To assist the progression of Assignments 2-5, related articles were posted to summarize the theme of each project. As a starting point, the first article provided additional information on what is commonly termed design research (“Design Research for Radical Innovation”). The author suggests that there is more to the process than mere “data collection”. One must work with the personal and organizational mind-shift to create innovation and make creativity, energy, enthusiasm, confidence, and reassurance applicable to our purpose, exploration, and objective. It serves to help readers gain the understanding to guide them in the right direction in order to think of concept and carry it through.
With a concept formed, the objective evidence that follows must also involve the ability to “recognize emergent patterns, empathically connect with people’s motivations and behaviors, and intuitively interpret different impressions”. For example, through morphing, framing, and combining different elements into one, Jerry Uelsmann’s photographs provide a visual illustration of how two images can be manipulated to appear seamless. All the photographs displayed in his exhibition The Mind’s Eye: 50 Years of Photography in the Peabody Essex Museum provide designers a view at the various techniques utilized in his photographs, from Journey into the Night to Apocalypse II.
In the link, “Ah, but Can Photoshop Do This?” the techniques Uelsmann used to create a number of his photographs was manipulated manually. It begs the question “is it fair?” that the time and effort spent to produce these high quality images can now be produced by various software programs. It might, but the technique could add to our interpretation of each photo further helping us to see what adds a connection between the viewers and the images ultimately made.
In an interview with Michael Bierut, he states that for him “graphic design was a perfect way to combine art, usefulness, and literacy… I take real pleasure in seeing the things I’ve designed out in the world coming into contact with people… and improving their lives in even the smallest of ways” The client is the audience and it becomes a goal to develop a design that will motivate them to have different interpretations of your work.
As a means to call attention to an artist’s identity, a logo could be used associate to the work produced. Even without pattern complexity, a simple shape can suggest the depth of influence. Paul Rand carried this simplicity through a number of his designs creating highly recognizable logos. Examples include IBM, ABC, and UPS. He notes that, “everyone has a different definition of art… art is an idea that has found its perfect form… the simplicity is not the goal. It is the by-product of a good idea and modest expectation”. A simplistic model is one that is more recognizable and more easily drawn upon to gain a greater shape. It is a design that possesses quality. Rand questions, “Should a logo be self-explanatory?… It derives its meaning and usefulness from a quality of that which it symbolizes”. For most, through this understanding, our creations of a logo were based on a symbol that is unique to our own topics; its variation was unique to the subject. To make a complete design is “not the rocket ship, but the launching pad”.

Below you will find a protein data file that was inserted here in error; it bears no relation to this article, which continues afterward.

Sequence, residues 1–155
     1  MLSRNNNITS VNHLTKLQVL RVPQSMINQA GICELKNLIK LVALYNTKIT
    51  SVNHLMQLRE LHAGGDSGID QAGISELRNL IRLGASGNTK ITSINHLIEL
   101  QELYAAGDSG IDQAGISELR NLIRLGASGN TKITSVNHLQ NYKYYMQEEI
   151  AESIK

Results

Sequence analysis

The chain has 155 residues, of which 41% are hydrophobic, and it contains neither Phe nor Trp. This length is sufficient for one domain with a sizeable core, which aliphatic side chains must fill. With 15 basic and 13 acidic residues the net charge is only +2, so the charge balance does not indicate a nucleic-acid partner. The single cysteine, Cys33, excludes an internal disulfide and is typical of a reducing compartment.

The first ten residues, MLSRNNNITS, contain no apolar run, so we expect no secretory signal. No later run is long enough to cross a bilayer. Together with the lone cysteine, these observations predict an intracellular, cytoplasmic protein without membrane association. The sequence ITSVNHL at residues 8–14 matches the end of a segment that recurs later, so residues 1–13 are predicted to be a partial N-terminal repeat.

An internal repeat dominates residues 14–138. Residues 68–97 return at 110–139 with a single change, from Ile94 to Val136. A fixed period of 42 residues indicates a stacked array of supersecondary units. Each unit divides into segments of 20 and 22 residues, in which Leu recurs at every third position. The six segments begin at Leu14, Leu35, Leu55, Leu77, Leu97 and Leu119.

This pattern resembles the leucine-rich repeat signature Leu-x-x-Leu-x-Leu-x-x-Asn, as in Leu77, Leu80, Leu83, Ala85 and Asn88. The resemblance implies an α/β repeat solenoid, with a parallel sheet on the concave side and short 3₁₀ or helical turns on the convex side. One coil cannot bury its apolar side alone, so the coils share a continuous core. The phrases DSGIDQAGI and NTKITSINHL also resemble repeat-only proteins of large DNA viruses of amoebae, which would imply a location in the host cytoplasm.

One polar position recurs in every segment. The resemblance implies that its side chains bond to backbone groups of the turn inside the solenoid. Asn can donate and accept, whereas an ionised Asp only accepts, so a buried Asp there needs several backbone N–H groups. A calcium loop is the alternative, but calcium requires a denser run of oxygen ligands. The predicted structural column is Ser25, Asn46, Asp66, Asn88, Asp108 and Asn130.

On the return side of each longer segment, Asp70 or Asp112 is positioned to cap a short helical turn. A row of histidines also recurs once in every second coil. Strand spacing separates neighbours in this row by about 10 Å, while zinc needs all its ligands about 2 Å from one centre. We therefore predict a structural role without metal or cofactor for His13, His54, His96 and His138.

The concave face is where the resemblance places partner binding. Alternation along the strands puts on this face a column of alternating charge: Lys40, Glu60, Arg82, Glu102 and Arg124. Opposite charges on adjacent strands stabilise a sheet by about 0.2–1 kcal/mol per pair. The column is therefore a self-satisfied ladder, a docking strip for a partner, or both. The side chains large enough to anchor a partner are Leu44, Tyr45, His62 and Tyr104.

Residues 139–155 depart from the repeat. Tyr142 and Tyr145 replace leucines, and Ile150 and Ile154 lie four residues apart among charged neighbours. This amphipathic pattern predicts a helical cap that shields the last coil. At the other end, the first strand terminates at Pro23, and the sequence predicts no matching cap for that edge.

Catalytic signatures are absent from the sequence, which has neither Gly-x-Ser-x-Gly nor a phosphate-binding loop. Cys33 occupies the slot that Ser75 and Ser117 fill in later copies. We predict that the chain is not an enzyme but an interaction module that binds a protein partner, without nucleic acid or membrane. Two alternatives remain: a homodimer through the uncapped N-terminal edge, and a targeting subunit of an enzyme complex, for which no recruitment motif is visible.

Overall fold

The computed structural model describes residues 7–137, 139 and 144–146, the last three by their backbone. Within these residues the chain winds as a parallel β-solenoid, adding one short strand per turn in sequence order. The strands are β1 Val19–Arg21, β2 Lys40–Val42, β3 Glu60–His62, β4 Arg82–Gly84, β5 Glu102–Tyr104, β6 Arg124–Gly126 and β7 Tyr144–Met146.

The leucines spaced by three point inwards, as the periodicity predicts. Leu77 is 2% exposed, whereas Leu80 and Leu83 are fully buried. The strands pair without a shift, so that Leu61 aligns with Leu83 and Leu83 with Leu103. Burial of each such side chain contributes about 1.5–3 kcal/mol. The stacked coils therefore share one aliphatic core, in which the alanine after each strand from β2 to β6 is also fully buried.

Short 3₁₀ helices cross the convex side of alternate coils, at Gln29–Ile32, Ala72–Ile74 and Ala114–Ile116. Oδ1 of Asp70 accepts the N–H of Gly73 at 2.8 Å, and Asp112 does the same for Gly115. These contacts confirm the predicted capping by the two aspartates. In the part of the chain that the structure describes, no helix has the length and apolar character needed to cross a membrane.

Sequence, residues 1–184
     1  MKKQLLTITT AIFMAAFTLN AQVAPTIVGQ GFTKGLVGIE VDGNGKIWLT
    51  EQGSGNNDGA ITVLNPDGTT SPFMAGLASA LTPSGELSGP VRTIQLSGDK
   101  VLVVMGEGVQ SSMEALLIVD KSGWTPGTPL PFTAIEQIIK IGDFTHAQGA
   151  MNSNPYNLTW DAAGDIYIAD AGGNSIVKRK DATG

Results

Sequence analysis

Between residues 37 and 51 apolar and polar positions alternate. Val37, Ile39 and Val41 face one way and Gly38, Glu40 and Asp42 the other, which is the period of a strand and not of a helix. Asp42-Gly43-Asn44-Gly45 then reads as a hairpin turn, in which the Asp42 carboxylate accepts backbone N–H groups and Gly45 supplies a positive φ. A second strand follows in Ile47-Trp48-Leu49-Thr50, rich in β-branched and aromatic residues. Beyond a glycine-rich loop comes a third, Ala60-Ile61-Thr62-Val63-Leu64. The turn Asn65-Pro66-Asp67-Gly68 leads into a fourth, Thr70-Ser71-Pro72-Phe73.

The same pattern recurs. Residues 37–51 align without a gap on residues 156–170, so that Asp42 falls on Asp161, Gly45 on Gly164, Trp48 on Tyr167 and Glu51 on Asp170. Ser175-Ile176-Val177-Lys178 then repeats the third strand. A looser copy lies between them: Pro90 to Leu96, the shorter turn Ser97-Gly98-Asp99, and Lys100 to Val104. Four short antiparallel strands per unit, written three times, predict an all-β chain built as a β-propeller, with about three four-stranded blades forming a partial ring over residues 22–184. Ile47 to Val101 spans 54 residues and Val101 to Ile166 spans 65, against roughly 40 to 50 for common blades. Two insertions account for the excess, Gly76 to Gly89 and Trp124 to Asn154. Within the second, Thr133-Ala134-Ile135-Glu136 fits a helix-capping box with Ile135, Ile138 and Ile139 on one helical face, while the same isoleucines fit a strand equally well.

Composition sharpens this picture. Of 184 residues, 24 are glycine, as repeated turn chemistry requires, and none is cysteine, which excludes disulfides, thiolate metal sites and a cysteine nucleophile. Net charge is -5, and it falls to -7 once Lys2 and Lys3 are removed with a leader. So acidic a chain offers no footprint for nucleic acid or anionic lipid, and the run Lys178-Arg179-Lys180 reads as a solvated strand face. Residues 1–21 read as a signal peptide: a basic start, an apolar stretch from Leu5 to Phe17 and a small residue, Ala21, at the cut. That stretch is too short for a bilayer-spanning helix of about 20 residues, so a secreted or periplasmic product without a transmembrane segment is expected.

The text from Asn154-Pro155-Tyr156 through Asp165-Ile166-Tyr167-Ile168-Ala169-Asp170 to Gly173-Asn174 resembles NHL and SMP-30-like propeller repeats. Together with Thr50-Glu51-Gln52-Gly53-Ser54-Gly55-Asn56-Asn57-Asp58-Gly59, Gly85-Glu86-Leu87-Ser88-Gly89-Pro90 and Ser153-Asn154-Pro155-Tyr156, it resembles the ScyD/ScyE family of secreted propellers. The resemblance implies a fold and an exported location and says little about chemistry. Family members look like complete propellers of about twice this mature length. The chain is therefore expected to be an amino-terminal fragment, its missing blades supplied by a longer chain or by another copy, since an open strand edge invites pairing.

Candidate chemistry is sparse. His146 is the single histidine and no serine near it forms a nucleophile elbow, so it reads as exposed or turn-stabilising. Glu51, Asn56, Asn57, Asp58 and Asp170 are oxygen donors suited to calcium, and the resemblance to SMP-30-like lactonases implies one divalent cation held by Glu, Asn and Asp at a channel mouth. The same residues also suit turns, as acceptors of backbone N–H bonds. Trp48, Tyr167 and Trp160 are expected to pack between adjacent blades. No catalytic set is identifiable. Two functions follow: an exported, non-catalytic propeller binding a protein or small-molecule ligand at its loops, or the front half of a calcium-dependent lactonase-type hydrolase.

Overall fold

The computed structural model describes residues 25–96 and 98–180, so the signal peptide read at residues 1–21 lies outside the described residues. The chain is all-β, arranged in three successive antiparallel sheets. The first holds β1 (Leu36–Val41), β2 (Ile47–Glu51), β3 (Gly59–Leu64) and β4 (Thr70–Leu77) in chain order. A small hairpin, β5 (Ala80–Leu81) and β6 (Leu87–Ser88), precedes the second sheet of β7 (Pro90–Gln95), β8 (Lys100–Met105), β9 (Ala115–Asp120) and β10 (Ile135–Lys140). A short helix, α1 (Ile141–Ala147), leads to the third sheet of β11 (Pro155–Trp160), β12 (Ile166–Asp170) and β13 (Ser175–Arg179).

In the final link posted, Chip Kidd discusses that book covers are good visual first impression but there is more than meets the eye. “When you take the pant’s off of it you get something much deeper than you expect”. The cover is an interpretation and translation of the story that will unfold. Through all the factual research that was done up until this point, we were able to create a book cover that would suggest our underlying themes. In doing so, the book was altered to gain an identity before it was even opened. It is something that is present in tangible books adding to “the tradition, sensual experience, and comfort of thingyness” that is lost with ebooks.
The combination of all these articles helped us learn and understand the reasoning behind the process of the exploration to reach our goal in each assignment.
The impact of the two toned greens present in my fellow classmate’s, AJ Sonnick, logo hit home by promoting sustainability indirectly because it feeds on the going green concept. Similar to, Eco Snacks Logo, the multilayered greens compliment each other because they are comparable with muted intensities while the brown veins on the leaf offer a counterbalance of warmth in color. The added effect of blurring the background also helps as it provides sharpness, lessening any surrounding distractions that might have pulled one’s eye away from the intended subject. The overall image’s color scheme and message of sustainability increases the logo’s functionality.